BILL MOYERS: But you love telling them. Some of your friends tell me you’re —
I.I. RABI: Oh yeah. They’re wonderful stories. Oh, absolutely.
BILL MOYERS: Of course, they’re horror stories of ghosts and demons and so on. You see, the family came from the Dracula country, near Transylvania. And boy, as a kid, they just raise your hair.
I.I. RABI: Some of the stories in the Bible are stories of great atrocities, vengeance, inhumanity.
BILL MOYERS: Oh, it’s real stuff. These were not namby-pamby people. If you take the Bible as a family history, then it begins to have a certain kind of meaning, especially if you’re Jewish.
BILL MOYERS: And the meaning is?
I.I. RABI: Life — the whole range of human experience.
BILL MOYERS: You once said that the New York school system in those days was wonderful in many respects. It took these immigrant boys and turned them into Republicans.
I.I. RABI: What I meant is not Republicans with a capital R. I meant a republican in the sense of Jefferson and Hamilton.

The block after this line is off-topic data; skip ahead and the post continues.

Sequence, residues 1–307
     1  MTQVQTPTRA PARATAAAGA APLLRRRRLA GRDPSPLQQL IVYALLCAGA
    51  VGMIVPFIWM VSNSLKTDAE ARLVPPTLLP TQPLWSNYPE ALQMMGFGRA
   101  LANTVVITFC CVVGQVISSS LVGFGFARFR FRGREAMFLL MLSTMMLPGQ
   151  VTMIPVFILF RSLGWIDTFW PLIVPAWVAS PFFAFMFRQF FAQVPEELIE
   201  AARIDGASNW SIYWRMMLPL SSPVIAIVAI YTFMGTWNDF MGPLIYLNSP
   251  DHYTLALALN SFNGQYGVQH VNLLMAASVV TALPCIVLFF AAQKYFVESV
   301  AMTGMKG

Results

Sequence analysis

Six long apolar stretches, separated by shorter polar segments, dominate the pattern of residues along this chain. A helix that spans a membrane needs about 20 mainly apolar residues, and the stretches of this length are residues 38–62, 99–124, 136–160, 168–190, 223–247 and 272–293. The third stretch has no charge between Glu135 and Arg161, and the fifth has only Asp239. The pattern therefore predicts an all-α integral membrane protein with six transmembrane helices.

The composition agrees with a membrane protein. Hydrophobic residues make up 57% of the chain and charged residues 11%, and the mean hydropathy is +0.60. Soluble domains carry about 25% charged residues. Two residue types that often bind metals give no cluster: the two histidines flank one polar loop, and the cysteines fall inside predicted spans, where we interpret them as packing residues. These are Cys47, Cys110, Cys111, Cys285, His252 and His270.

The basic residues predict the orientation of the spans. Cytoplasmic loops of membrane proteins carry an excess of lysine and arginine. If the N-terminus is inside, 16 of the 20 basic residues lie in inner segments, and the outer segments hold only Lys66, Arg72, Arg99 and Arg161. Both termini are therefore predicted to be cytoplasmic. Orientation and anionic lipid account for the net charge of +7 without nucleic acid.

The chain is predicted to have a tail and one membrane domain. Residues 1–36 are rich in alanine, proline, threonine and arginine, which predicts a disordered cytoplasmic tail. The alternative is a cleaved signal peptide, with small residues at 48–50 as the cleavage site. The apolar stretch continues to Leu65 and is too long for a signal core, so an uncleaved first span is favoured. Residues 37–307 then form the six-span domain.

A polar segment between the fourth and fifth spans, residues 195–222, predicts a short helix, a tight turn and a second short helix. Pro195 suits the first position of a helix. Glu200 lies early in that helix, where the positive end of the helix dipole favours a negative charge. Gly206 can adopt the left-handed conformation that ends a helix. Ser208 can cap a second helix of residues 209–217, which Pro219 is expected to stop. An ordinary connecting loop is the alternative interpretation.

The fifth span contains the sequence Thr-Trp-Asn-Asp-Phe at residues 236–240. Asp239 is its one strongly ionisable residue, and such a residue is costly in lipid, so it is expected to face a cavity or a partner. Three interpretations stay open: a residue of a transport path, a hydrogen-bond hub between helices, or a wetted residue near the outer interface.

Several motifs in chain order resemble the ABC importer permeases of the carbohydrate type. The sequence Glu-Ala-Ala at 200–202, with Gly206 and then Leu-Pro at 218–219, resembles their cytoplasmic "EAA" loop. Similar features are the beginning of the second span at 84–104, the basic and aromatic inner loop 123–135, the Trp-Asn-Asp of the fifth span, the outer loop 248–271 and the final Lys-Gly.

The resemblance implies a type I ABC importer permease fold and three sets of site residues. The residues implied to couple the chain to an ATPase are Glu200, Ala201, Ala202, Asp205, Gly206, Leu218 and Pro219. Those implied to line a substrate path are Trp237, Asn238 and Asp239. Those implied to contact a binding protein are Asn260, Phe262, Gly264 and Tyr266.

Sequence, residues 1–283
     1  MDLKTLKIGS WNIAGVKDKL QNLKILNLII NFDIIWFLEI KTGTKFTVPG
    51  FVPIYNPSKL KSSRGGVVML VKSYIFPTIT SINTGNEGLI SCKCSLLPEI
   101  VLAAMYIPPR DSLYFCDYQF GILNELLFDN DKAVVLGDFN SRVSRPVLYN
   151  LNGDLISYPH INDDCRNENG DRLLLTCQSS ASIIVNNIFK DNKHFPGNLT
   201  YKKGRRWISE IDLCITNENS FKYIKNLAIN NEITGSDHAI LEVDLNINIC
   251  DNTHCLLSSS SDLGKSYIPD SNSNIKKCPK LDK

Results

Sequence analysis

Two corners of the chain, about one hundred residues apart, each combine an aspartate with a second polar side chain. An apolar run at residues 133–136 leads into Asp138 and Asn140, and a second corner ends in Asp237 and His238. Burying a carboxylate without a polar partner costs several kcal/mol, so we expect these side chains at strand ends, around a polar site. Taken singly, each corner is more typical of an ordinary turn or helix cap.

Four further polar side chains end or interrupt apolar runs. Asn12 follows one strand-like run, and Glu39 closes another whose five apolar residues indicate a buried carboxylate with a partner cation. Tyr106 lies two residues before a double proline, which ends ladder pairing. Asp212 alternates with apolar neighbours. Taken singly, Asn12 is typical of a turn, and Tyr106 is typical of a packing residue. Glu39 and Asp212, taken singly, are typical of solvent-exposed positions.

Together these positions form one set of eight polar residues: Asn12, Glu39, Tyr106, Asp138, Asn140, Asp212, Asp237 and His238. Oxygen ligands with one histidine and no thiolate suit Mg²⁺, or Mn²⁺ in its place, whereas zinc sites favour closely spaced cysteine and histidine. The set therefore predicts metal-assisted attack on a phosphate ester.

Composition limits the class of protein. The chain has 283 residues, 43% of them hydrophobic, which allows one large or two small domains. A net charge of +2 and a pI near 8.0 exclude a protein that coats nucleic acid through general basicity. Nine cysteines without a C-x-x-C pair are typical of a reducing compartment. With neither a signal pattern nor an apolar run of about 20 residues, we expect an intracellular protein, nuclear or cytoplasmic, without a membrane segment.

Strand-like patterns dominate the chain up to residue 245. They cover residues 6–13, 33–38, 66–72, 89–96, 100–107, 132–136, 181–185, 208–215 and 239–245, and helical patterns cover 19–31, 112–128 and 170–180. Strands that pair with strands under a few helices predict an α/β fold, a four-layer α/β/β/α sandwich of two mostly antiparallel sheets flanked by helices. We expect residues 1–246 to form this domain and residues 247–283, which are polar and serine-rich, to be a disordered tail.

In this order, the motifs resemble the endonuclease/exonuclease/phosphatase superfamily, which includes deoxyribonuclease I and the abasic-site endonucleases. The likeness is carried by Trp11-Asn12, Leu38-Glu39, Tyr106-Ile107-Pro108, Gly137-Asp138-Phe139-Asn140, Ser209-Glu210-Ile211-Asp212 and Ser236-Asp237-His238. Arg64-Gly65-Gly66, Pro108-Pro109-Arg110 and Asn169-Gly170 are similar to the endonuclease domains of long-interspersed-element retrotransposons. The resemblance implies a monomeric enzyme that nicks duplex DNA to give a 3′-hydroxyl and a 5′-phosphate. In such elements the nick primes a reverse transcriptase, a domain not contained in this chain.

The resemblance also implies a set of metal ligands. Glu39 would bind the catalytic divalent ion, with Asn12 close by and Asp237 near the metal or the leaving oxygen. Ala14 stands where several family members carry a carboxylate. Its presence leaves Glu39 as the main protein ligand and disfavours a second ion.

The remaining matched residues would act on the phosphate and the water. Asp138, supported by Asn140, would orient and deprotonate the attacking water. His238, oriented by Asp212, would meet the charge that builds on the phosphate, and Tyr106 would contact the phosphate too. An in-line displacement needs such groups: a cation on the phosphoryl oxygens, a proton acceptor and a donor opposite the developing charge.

BILL MOYERS: A belief in —
I.I. RABI: A belief in the power of an organized individual group of people taking their own fate in their hands and making their world. This is the first country, successful country, that has been made by men, not by inheritance. The Constitution and everything was made by people. And I’ll never forget my respect for the Anglo-Saxon race who made this. Let me tell you, the most astonishing thing, when you think of it, there was nothing in history compared to it. And I think our troubles may come when we forget our origins.
BILL MOYERS: And those are?
I.I. RABI: Rationality, science — don’t forget Benjamin Franklin, one of the greatest scientists who ever was.
BILL MOYERS: What appeals to you about him?
I.I. RABI: Almost everything. His rationality was one. His wisdom, his tremendous scientific insight, his ability to rise above a situation and see it whole — and so intensely human in the same time. He was a scientist at home in the world. He had every ability. I don’t know whether he could sing. [LAUGHTER]